Never the major occasion, but always crucial: pieces of raw fish experienced only, with a couple powerful ingredients to draw the flavor of the ocean.
As a New Yorker today, I was optimistic when photographed stores started proliferating on the mainland a few years back. I found a simple one to adore, Sons of the Thunder at Midtown Manhattan, in which owners have family origins in Hawaii. However the current assembly-line, do-it-yourself model restrain me there were also many mix-ins as well as toppings, such as oddball interlopers similar to kale and corn, as well as marinades were like thick sauces.
What eventually sent me over the border was a hugely commended poke place in Los Angeles. The fishes have been dropped to a bowl filled with marinade, the entire bowl has been tilted over the corn.
It caused me unhappy to believe this is literally the sole poke some mainlanders could possibly know. I am not arguing for some sort of credibility or a return to the “authentic” poke. There is not one; grocery shops in Hawaii provide as many as four dozen types.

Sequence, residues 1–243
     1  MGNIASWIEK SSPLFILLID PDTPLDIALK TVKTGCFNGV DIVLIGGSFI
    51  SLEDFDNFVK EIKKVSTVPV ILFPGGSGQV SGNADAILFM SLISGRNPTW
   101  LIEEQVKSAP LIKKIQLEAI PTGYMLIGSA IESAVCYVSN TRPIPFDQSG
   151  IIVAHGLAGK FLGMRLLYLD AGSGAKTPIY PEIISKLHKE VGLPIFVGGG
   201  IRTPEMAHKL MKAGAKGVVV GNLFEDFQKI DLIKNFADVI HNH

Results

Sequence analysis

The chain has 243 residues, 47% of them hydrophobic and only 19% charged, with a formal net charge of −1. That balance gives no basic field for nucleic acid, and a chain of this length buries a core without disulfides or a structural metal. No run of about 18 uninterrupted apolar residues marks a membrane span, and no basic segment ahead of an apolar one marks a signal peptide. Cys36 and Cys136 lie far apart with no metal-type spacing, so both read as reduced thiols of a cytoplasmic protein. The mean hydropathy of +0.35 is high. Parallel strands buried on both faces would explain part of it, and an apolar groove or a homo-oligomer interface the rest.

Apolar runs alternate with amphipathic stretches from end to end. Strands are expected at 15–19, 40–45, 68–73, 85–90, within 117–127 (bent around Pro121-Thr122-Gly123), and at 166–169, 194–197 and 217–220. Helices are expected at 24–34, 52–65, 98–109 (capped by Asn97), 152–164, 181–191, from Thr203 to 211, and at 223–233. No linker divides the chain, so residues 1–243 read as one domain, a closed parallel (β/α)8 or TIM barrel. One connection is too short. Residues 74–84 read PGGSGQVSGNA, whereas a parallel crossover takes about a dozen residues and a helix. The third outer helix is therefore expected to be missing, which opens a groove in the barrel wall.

But poke would not exist without the islands’ meld of civilizations and reverence to the sea, passed down from the ancients. To learn the background of this dish is to start to know a method of life.
Please be aware this isn’t a listing of the very best poke in Honolulu. Each kamaaina, as known as local, has a comment about the topic, from my very best friend since third grade for my kid’s hula instructor into the physician who’ve seen my mother at the clinic named Kaiser at Moanalua and whose smaller sister had been within my own high-school class at Punahou, since that is how little that the islands there are. (Mother’s fine, incidentally.) I just revisited the traditional standbys and assessed on new protector, and when I really missed your favourite: Sorry, brah.